Planted in Place

From a seed of an idea, a major new addition to the Houston landscape has blossomed along Sims Bayou, turning an underutilized golf course into 132 acres of ecosystems, horticultural displays and walking trails.

By Deborah Lynn Blumberg

In mid-September, Houstonians craving time away from home set out for an island southeast of downtown adorned with hibiscus and firecracker plants, Brazilian grape trees and Mexican skutch maples (a rare but tough sugar maple). The Houston Botanic Garden had just opened its doors, and visitors arrived to stroll among plants that reflect Houston’s wide array of cultures. They passed kumquat, plum and orange trees and then sat in quiet contemplation amidst bamboo and cacti.

Corner of Curiosity
The alcoves are located in the Corner of Curiosity, which highlights interesting plant morphology — the physical form and external structure of plants — inviting visitors in with captivating colors and unusual, larger-than-life shapes. Photo by Tommy LaVergne

On Sims Bayou, an offshoot of Buffalo Bayou near Hobby Airport, the 132-acre oasis is the culmination of nearly two decades of planning by Houston garden advocates, conservationists and philanthropists. On the site of a former golf course, the botanic garden adds to Houston’s expanding list of green spaces, celebrates the city’s diverse cultures and was made possible in large part by Rice alumni. From early days when the newly formed nonprofit began looking for the perfect piece of land to its current leadership, Rice graduates have been a driving force behind efforts to bring a botanic garden to the country’s fourth-largest city.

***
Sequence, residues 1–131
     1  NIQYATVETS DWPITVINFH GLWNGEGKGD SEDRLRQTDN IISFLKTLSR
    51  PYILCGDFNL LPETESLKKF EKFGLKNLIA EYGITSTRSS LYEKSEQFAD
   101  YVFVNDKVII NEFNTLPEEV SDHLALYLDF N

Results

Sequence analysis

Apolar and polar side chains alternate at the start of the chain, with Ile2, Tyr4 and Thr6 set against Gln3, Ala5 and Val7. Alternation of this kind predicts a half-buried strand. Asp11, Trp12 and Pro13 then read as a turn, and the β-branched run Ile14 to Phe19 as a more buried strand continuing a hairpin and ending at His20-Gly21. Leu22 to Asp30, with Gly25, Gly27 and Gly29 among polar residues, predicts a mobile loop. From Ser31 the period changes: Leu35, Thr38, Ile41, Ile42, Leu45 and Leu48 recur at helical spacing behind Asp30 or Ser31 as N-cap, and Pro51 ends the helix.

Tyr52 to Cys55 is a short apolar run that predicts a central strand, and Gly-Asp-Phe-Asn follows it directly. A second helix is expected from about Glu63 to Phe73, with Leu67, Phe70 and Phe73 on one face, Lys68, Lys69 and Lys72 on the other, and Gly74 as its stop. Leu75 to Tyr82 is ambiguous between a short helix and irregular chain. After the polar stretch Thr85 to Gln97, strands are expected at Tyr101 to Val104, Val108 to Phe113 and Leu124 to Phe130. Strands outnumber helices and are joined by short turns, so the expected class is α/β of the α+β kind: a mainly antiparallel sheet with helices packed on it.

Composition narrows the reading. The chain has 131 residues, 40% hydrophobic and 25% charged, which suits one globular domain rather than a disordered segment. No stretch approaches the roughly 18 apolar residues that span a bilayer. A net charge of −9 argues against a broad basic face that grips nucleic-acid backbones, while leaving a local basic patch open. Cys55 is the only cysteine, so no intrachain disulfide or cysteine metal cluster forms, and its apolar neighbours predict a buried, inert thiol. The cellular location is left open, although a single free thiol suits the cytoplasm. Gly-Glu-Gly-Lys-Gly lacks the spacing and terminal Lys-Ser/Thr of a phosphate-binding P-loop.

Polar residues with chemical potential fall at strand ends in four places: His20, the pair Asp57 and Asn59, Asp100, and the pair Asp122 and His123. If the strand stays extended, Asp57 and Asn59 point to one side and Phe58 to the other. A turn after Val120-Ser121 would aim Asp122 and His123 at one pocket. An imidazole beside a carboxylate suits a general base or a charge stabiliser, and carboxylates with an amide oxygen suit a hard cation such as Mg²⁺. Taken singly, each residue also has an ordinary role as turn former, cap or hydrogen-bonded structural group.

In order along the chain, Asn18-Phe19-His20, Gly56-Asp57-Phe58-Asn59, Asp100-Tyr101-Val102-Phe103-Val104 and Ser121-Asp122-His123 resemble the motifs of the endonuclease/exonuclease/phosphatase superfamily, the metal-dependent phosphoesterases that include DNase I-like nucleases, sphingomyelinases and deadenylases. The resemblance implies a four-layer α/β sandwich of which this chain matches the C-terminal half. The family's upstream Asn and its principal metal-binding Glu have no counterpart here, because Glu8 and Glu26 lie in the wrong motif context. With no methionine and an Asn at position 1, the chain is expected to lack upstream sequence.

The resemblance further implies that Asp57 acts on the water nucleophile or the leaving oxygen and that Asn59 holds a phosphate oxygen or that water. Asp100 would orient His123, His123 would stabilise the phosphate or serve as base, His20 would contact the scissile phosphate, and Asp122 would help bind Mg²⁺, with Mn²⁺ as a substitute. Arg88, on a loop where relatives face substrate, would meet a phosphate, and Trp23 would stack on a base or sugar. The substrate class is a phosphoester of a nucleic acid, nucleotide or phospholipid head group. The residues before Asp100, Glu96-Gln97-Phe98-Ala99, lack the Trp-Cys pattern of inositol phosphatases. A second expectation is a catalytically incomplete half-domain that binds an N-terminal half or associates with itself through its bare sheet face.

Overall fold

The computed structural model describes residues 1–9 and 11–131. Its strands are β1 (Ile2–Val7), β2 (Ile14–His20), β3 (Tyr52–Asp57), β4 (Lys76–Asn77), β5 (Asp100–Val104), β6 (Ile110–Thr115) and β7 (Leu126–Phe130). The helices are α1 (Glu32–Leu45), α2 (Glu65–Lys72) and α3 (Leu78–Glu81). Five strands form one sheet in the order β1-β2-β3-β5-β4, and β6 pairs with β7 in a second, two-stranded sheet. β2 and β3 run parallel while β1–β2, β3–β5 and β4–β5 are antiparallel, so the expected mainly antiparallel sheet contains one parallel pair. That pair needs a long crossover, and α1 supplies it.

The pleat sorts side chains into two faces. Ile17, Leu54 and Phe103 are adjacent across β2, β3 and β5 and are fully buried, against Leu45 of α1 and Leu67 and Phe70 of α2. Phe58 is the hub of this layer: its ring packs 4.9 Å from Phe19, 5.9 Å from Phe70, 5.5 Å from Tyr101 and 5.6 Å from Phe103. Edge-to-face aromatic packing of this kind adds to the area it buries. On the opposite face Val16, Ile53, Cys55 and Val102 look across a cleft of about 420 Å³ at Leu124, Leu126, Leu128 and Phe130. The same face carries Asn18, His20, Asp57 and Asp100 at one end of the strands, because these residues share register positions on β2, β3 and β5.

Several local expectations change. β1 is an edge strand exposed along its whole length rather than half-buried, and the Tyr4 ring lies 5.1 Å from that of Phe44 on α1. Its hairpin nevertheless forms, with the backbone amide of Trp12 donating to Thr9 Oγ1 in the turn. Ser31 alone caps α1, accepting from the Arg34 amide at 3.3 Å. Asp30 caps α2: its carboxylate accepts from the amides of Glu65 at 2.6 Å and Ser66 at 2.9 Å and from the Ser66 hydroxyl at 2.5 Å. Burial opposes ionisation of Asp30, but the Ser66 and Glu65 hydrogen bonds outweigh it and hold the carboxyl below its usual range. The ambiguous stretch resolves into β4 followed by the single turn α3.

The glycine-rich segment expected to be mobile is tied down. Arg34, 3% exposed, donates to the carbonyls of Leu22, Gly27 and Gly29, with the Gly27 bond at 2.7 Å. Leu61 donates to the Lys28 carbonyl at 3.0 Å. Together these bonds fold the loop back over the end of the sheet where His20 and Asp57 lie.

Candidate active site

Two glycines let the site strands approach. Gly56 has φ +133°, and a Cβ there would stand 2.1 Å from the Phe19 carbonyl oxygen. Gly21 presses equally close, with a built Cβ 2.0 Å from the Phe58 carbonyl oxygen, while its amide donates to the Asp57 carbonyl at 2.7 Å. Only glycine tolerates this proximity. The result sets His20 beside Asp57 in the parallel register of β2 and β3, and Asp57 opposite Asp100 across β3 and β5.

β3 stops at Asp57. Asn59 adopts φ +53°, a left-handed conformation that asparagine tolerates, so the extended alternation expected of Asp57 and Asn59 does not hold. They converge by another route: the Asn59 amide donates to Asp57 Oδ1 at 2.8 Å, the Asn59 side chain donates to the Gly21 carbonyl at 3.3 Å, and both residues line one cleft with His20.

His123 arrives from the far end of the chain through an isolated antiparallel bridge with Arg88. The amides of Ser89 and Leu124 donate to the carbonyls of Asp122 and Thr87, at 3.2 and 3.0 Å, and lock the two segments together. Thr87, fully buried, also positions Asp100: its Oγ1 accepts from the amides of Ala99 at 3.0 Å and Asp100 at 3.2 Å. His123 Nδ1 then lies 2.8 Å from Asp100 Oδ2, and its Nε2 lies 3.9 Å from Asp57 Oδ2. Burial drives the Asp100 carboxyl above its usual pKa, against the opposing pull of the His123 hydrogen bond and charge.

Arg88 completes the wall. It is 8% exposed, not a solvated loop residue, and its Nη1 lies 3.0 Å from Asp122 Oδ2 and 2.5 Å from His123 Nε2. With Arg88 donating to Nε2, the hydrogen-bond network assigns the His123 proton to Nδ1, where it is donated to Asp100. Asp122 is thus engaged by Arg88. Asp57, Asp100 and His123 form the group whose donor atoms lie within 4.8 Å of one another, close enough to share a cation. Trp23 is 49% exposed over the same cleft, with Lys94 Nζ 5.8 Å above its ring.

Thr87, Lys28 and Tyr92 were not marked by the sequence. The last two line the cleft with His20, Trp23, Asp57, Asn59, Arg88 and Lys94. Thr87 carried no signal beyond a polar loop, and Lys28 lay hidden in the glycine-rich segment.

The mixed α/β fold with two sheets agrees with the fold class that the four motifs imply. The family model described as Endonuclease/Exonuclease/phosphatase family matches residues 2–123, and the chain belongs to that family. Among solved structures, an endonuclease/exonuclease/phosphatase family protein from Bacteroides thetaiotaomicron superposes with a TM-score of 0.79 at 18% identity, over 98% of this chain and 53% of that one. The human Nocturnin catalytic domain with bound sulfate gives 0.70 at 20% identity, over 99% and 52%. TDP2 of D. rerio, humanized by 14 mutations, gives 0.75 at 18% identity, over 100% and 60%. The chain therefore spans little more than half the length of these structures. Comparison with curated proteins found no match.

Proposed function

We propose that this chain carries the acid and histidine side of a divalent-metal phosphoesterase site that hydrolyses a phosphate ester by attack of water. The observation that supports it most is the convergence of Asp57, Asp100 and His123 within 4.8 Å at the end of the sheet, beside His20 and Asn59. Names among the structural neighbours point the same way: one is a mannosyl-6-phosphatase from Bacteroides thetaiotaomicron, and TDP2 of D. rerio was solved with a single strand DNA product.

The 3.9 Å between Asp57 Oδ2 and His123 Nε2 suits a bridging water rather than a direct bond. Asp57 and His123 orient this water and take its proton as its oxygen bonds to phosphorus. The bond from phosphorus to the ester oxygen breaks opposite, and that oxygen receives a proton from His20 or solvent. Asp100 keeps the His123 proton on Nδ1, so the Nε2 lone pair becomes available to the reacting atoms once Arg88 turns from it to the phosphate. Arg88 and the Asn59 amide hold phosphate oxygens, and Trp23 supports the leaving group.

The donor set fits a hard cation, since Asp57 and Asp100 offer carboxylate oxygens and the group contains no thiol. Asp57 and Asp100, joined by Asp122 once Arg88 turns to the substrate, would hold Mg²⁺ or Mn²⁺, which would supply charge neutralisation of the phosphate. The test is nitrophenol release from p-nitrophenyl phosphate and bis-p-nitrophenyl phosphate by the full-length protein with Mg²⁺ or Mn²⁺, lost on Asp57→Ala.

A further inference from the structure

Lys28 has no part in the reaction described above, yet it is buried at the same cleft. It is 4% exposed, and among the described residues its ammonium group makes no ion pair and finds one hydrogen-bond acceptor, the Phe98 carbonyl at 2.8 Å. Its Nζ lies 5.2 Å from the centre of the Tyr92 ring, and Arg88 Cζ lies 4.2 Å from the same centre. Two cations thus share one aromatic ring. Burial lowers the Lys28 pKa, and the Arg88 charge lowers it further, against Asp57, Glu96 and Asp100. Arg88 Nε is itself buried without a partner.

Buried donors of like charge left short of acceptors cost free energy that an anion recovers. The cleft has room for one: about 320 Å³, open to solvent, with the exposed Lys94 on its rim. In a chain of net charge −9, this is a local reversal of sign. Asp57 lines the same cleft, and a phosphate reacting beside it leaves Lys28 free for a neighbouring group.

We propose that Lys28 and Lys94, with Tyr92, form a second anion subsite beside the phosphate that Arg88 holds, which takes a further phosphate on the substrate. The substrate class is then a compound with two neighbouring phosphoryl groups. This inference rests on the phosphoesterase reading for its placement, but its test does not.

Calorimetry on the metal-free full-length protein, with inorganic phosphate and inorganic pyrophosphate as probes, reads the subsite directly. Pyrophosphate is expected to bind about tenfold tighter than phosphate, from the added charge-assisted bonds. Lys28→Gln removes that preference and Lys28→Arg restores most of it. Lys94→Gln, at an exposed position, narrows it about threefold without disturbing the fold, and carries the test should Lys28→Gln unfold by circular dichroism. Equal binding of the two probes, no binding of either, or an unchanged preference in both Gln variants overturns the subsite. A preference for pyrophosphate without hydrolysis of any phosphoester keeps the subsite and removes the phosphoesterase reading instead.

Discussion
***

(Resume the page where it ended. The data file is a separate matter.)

“Every major city has a botanic garden,” says Claudia Gee Vassar ’99, the garden’s president and general counsel, who worked in corporate and commercial real estate law and then as a nonprofit consultant before joining the garden in 2016. Local conservationists, donors and garden enthusiasts were keen for Houston to join the ranks of top cities across the world — from Denver to New York to Singapore — that are home to such renowned, educational and beautiful spaces. Houston’s garden came to fruition as the city in recent years has pushed to move beyond its reputation as a flood-prone concrete jungle by creating more green spaces.

Recently, both public and private money have funneled into projects including Bayou Greenways 2020, a $220 million public-private partnership to develop 3,000 acres of land into a network of city parks and trails. The opening of the botanic garden also coincided with the unveiling of 100 acres of open space at the new Clay Family Eastern Glades at Memorial Park, plus the construction kickoff for Memorial Park Conservancy’s $70 million Land Bridge and Prairie project. One of the country’s biggest park projects, the nearly 100-acre Land Bridge and Prairie project will connect parkland over Memorial Drive and create 40 acres of coastal prairie land for stormwater mitigation.